The main screen contains a "button" bar across the top using representations of real (sewing) buttons labeled "Go Online," "Print," "How To" and "Help." On the left margin is a conventional directory tree containing the two major collections along with subcategories of blocks. These can be expanded and contracted, and the tree is used to select the screen full of blocks you wish to appear in the box on the right two-thirds of the screen. One nice aspect of this main screen, besides its efficient use of space, is the fact that you can customize it as you wish. You can move the center bar to the right or left, and can completely eliminate the directory tree if you wish to look at a full screen of blocks.
In addition you can right-click on the block window and be given an array of choices to customize that. You can show two, three, or four rows of blocks (with the blocks adjusting in size accordingly), can choose to see all the blocks as line drawings, in grayscale, or in full color, and can turn on or off a "Tooltip" feature which displays the name of the block when you move the cursor over it.
Sew Precise!'s help and sewing instructions are written in a more conventional Windows Help style rather than in a mini-browser, but this is not a drawback. The elementary instructions on foundation piecing and the tips and tricks are very well-composed and should help both the novice and experienced piecer in learning and improving their techniques. As in Foundation Factory, there is a separate section on sewing together multi-part blocks.
I performed the same printing tests on Sew Precise! and the accuracy of the printed foundation was better than I found in Foundation Factory. Both four-inch and six-inch blocks, including multi-part blocks, were exactly the right measurements.
You can also import the blocks from Sew Precise! into your Electric Quilt design program, but this is not nearly as easy to do as it is in Foundation Factory. The program provides detailed instructions, but due to the peculiarities of EQ3, which is a DOS-based program, and its system of projects, using these blocks in electronic quilt design requires a few workarounds. Experienced EQ users should have few problems, however, and for newcomers the instructions are quite detailed.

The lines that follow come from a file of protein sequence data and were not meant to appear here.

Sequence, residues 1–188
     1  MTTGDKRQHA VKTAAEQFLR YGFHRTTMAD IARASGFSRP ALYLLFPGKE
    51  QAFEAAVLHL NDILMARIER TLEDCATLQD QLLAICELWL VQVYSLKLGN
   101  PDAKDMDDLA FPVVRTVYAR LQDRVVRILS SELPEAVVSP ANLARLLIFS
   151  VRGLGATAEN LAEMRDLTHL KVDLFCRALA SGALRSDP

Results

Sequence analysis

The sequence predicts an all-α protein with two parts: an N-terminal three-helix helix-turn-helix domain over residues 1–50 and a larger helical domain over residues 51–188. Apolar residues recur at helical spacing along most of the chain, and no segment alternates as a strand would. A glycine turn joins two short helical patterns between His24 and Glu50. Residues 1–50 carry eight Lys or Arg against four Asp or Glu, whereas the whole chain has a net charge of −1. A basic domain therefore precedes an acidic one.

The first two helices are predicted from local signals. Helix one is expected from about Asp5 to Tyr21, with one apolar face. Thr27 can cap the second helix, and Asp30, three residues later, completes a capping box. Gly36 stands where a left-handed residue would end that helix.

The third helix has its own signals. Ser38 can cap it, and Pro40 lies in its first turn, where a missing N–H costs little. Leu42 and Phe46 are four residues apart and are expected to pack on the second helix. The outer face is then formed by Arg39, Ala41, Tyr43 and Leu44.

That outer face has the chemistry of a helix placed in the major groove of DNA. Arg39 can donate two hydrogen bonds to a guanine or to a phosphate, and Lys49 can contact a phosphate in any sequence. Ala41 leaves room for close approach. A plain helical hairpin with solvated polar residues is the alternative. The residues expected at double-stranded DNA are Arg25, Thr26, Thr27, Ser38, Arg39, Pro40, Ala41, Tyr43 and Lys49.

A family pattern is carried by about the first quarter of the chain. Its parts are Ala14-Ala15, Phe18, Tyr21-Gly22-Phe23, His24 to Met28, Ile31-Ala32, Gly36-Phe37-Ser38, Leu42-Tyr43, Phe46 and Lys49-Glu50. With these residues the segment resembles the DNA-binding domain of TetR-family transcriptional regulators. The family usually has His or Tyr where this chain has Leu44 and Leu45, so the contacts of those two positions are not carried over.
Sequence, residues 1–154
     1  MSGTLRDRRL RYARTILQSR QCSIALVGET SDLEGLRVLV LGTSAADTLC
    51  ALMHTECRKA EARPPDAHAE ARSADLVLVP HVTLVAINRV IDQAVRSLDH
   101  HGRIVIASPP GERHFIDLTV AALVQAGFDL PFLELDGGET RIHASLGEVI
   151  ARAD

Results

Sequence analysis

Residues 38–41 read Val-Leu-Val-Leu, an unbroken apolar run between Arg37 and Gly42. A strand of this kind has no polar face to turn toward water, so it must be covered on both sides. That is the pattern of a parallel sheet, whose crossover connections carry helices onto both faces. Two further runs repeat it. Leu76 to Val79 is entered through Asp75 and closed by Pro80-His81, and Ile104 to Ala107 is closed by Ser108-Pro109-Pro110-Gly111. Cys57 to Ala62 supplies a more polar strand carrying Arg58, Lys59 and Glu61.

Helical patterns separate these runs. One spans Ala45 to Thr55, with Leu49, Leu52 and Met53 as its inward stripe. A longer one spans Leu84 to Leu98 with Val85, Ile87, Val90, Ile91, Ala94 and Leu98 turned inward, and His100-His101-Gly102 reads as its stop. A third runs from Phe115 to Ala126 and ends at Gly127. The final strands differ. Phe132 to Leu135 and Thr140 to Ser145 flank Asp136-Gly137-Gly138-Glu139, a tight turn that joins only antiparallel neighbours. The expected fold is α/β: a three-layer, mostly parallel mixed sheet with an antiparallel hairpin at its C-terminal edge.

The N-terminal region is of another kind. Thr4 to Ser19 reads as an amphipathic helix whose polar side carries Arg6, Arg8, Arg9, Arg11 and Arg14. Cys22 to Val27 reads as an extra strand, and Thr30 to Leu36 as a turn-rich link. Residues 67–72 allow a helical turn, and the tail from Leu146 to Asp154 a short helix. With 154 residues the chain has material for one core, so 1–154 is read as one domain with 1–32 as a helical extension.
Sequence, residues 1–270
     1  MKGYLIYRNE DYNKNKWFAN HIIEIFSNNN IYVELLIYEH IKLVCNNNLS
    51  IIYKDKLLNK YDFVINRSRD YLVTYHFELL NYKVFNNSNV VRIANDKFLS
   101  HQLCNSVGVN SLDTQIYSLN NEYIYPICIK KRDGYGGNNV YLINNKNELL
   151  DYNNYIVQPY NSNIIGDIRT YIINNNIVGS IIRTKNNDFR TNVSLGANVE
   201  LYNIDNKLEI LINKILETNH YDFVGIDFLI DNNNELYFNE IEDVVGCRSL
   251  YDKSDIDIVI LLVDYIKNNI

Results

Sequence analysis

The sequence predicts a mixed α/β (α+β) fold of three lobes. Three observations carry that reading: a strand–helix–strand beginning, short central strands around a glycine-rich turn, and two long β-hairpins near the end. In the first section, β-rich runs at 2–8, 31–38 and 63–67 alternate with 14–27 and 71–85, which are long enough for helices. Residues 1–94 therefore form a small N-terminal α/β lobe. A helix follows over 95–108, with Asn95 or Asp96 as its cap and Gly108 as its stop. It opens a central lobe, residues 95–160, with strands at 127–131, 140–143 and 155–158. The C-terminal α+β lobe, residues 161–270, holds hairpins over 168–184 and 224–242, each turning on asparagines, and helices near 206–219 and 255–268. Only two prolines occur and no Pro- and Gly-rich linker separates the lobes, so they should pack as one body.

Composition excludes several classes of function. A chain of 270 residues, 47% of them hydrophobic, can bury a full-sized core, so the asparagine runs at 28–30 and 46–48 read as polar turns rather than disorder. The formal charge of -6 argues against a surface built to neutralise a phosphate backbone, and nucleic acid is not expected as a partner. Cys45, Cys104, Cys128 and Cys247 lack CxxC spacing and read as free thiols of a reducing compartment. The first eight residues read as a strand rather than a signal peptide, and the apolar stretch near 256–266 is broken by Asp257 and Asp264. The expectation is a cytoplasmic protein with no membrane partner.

Other things that are not as easy in this program include the choice of English or metric measurements. The desired measurement in Sew Precise! must be selected at installation and cannot easily be changed later. You also cannot pull up the block print screen by double-clicking on a block. Instead you must select one by clicking on it and then click on the print button at the top of the screen. The default block "frame," which shows which block you've selected, is white and is hard to see, but you can change it to a more prominent color if you wish from the right-click selection box.
The print block screen shows only one rendering of the block in either line, grayscale, or color, depending on your selection of block display type in the main window. There is a very good preview capability, however, which shows quite clearly what you will get on the printed page.
So which one of these programs should you buy? They are priced identically and each offers strong features for foundation piecers. Their interfaces are easy to use and their help files are thorough. The blocks in them are sufficiently different that you could buy both with very little duplication.
Which way you go may depend on which quilt design software you currently own. Compatibility with either Quilt-Pro or Electric Quilt is an important consideration for value-added to the program. If you have an older computer on which you are still using Windows 3.1, you will have to select Foundation Factory, as Sew Precise! works only with Windows 95.